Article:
Victories to show us the way
Spanish journalistdescribes how the anger expressed in mass protests in 2011 has re-emerged in organizing against privatization, layoffs and evictions.
"RESISTING IS pointless," we hear endlessly repeated. "So many years of protest, but the crisis continues, why bother?" insist others, inoculating us with apathy and resignation. "Protests could lead to something that's even worse," whispers the machinery of fear. They want us submissive, heads bowed. Dreams of change are forbidden.
However, history rebels, indomitable. And it shows us, contrary to the naysayers, that struggle is worth it. The victories against the privatization of Madrid's public health system, of the Gamonal neighborhood standing up to speculators and corruption, of the cleaners in their battle for jobs in the capital, and against evictions and the banks are good examples.
It is not easy to achieve concrete victories when the political class betray our rights and sell out to capital. It's hard to win when the state apparatus defends the haves, and rolls back our democratic rights and freedoms. The task of change is arduous, when the media are hijacked by private interests. Still, there are victories, big and small, showing us the way.
THE MADRID government's U-turn on its plans to privatize six public hospitals is one of them. The [Popular Party-run] administration in the capital has been forced to revoke the "outsourcing" plan after 15 months of protest and the announcement of the High Court of Justice of Madrid to provisionally suspend the privatization process on the grounds that it could pose "serious and irreparable damage."
There have been months of demonstrations, strikes, a referendum with nearly 1 million votes against such measures, hospital occupations, lawsuits. The triumph swept away its leading promoter, regional health commissioner Javier Fernández-Lasquetty, who has been forced to resign. It's worth the fight.
Gamonal is another great victory. After little more than a week of intense protests, from January 10-17 in Burgos, against the construction of a boulevard in the neighborhood of Gamonal, Mayor Javier Lacalle had no choice but to halt construction indefinitely.
The conflict, however, came from afar. A multimillion-euro project, with huge profits for firms and politicians of the day, in a working-class neighborhood lacking investment and amenities. The "urban" conflict in Gamonal became the spearhead of the fight against corruption, land speculation and crisis. Demonstrations were held across Spain in solidarity with the community. And the attempts to criminalize and spread misinformation failed. It's worth the fight.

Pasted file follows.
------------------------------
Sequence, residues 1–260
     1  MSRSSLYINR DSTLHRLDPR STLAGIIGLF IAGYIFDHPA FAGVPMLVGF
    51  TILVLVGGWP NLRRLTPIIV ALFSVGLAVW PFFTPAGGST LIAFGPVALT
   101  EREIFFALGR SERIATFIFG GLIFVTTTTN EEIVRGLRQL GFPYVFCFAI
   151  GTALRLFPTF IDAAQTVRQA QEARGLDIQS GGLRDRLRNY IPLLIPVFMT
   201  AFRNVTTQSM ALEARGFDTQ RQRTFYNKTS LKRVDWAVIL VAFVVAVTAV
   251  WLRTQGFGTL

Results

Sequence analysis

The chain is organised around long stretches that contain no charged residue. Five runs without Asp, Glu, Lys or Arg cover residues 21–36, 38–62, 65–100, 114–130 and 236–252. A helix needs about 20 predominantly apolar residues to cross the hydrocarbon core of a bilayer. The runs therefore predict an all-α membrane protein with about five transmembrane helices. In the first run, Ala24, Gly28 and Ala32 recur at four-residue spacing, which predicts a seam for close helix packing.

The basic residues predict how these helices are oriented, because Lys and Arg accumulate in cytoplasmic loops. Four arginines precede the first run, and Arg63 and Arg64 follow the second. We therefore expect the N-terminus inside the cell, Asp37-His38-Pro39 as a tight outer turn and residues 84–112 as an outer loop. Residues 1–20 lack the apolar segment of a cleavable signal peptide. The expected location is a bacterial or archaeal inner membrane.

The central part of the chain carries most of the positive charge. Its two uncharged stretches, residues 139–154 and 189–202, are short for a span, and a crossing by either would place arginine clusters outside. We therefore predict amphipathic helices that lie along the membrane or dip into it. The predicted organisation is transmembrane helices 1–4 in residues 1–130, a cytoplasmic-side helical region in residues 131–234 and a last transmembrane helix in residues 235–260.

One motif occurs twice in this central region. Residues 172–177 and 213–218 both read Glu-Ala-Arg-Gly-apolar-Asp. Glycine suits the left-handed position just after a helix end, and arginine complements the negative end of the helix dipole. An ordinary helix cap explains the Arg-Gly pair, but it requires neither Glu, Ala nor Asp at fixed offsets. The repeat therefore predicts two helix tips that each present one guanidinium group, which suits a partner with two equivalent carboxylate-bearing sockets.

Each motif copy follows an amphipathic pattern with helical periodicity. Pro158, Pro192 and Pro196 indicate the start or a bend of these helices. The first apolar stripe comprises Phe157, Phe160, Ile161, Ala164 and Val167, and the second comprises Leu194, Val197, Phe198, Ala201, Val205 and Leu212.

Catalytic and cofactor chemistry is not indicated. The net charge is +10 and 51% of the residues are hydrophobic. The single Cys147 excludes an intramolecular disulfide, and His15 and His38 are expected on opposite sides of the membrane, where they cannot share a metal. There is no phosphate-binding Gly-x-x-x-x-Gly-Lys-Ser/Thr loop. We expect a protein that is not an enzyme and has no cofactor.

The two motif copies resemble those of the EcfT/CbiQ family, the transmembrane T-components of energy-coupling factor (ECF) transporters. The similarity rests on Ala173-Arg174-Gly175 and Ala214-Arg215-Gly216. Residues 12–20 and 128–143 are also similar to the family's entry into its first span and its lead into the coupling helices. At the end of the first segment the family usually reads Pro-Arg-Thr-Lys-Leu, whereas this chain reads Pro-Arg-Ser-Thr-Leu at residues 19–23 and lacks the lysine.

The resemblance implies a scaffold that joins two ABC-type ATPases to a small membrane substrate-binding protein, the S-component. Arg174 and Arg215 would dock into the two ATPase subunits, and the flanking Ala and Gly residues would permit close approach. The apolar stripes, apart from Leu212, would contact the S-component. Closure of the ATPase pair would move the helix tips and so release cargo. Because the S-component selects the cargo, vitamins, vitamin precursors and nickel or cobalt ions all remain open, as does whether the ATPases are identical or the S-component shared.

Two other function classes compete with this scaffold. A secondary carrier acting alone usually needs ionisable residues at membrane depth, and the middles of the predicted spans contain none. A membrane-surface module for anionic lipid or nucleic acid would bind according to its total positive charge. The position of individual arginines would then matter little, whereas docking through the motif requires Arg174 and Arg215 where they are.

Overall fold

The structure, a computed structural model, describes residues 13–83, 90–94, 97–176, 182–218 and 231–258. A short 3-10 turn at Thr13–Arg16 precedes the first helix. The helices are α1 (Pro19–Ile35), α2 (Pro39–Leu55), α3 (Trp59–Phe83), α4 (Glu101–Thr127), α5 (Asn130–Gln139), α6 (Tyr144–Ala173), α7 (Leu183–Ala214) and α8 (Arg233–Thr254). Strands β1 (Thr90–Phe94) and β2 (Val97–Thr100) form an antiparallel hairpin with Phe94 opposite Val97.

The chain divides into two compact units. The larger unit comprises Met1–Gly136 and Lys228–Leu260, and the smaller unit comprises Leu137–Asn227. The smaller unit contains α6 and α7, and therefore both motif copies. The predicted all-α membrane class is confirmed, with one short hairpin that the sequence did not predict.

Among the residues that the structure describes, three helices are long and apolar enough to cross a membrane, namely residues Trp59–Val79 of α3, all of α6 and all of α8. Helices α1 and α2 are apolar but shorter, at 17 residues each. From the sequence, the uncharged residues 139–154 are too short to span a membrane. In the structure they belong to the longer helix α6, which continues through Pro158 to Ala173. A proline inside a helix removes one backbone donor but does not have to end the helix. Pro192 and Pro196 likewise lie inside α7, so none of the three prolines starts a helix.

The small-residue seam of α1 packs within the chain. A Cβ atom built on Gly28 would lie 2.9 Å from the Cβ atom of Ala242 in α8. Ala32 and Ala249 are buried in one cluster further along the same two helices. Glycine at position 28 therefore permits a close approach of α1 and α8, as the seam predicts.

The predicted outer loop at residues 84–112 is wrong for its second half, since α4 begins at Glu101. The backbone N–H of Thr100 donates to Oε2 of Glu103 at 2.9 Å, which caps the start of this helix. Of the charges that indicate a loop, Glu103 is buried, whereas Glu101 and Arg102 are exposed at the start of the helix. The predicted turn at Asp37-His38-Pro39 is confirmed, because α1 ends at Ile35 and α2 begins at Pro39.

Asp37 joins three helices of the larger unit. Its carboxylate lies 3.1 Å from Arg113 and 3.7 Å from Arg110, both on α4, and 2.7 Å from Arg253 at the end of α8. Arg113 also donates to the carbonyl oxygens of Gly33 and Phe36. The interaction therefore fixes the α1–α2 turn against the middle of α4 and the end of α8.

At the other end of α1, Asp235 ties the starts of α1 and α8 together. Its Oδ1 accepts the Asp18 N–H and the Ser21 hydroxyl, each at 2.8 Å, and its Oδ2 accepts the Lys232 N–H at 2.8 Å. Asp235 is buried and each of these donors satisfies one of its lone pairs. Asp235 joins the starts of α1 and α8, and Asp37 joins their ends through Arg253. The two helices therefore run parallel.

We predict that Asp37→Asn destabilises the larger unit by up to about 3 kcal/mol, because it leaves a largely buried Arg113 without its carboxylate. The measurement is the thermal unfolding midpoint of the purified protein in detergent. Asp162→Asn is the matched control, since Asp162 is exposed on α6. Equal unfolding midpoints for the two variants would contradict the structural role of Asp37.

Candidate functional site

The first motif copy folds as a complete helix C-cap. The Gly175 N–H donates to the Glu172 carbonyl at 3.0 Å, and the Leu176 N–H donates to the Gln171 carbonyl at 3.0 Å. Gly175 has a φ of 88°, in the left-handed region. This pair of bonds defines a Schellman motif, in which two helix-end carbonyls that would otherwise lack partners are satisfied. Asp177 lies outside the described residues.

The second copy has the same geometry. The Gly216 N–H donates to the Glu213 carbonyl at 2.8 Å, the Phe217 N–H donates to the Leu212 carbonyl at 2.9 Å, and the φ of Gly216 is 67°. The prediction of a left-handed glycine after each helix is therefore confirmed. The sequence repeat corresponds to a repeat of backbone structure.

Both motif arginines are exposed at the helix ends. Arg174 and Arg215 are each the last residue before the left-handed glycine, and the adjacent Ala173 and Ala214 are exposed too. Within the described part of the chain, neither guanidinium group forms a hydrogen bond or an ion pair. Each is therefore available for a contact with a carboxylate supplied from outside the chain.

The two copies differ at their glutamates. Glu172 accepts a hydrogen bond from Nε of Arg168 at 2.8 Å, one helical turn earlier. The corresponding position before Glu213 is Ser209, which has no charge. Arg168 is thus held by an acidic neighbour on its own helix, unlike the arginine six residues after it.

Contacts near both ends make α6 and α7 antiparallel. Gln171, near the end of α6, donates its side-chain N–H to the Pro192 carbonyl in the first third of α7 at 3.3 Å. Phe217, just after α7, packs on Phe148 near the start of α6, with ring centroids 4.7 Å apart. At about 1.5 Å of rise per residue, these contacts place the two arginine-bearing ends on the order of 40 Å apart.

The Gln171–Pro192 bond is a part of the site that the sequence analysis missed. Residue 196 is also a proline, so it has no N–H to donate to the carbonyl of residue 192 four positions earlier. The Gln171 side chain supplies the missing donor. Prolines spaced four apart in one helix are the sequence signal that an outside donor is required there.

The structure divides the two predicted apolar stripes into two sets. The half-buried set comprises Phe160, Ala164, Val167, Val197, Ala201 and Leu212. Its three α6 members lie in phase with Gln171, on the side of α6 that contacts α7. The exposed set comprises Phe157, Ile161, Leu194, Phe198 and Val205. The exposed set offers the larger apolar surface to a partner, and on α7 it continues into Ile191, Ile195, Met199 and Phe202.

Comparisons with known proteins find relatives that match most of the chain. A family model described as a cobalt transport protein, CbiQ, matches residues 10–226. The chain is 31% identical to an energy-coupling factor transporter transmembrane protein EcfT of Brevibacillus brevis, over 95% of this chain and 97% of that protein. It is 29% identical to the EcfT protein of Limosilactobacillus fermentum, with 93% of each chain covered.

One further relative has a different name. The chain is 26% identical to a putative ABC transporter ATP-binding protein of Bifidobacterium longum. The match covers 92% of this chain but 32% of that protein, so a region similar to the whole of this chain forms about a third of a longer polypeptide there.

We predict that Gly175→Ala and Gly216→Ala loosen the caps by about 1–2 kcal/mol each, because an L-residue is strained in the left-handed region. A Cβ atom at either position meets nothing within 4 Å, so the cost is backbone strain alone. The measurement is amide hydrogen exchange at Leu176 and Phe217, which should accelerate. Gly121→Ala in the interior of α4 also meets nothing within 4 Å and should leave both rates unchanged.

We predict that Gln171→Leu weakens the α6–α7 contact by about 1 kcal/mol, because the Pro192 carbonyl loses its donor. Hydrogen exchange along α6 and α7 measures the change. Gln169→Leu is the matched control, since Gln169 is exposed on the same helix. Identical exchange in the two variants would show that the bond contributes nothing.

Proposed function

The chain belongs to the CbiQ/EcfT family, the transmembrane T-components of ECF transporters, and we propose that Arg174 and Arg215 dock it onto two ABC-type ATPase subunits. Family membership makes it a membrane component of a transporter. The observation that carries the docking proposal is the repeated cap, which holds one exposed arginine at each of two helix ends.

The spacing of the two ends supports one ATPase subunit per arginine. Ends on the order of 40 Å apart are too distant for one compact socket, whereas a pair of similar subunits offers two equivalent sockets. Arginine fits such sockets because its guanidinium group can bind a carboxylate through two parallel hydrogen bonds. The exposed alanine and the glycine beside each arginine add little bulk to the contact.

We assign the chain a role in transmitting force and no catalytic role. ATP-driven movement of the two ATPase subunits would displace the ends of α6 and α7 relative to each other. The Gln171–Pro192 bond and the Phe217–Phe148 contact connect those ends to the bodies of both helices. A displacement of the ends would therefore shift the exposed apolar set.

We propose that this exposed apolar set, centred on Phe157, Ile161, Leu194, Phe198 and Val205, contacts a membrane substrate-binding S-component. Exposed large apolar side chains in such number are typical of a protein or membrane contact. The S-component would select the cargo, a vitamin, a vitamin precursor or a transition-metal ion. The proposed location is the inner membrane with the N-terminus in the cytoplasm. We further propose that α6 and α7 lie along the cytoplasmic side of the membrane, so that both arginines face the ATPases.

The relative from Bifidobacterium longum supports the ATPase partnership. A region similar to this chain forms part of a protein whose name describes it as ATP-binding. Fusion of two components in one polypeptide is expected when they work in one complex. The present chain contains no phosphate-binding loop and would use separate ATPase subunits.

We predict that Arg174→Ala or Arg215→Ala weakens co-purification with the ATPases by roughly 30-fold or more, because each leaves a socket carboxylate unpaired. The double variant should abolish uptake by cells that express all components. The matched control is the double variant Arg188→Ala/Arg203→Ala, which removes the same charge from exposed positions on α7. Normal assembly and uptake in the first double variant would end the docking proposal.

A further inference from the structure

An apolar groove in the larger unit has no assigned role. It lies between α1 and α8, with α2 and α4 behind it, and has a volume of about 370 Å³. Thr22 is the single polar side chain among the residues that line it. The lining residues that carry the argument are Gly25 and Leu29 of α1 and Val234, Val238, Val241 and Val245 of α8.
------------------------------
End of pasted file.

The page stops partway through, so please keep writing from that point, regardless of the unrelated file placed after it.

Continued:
Thirteen days of strikes and tons of debris around Madrid were necessary to avoid 1,134 layoffs of street cleaners and gardeners of the city of Madrid. It took an indefinite strike to paint into a corner private contractors that not only wanted to lay off hundreds of workers, but carry out pay cuts of up to 43 percent.
The victory was partial because the staff had to each accept 45 days temporary furloughs (unpaid layoffs) annually over the next four years, and a wage freeze until 2017. Still, this does not detract from the fact that an indefinite strike, unprecedented sadly in this day and age, succeeding in protecting every single job. It's worth the fight.
The fight against evictions has been, without a doubt, the ultimate expression of a collective rebellion against this con-trick of a crisis. In response to the unlimited usury of the banks, people organized at the grassroots. Over a period of more than four years, the Platform of People Affected by Mortgages (PAH) has managed to stop 936 evictions, re-house 712 persons in empty properties owned by financial institutions and today occupied under the Obra Social campaign of the PAH. And it has forced many banks to negotiate hundreds of repossessions and social rent.
Some will say that this is very small progress compared to the overall offensive. That's true. However, I would put that to all those who thanks to the PAH have a roof over their heads. It's worth the fight.
Since the emergence of the indignados, or 15M movement, we have gone from "They do not represent us" to "Yes we can." We have regained confidence in ourselves. The offensive by capital continues, but our indignation and disobedience increases. Victories today are catalysts of the victories of tomorrow. Struggle is imperative to change things. We must take note. And if we do, we can win.